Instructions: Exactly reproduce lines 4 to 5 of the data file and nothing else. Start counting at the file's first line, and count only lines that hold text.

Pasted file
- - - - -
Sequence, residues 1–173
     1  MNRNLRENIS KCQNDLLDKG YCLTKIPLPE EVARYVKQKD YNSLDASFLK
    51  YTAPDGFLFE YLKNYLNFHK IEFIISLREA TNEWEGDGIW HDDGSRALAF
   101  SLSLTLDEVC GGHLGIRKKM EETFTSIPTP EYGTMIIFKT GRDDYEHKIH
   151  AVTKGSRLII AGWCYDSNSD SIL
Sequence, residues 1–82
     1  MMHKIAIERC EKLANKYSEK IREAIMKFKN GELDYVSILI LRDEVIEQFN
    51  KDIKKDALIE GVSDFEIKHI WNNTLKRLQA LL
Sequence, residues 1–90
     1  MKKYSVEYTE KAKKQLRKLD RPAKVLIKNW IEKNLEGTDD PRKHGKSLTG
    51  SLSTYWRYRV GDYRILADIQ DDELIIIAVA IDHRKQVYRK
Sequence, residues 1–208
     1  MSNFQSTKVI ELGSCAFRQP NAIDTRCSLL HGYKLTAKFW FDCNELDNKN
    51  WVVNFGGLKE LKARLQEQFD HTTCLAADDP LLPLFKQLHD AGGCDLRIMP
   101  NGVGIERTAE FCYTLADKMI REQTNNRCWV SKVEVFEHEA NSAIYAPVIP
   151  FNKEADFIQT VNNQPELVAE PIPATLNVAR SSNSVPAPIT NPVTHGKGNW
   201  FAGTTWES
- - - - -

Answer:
   101  SLSLTLDEVC GGHLGIRKKM EETFTSIPTP EYGTMIIFKT GRDDYEHKIH
   151  AVTKGSRLII AGWCYDSNSD SIL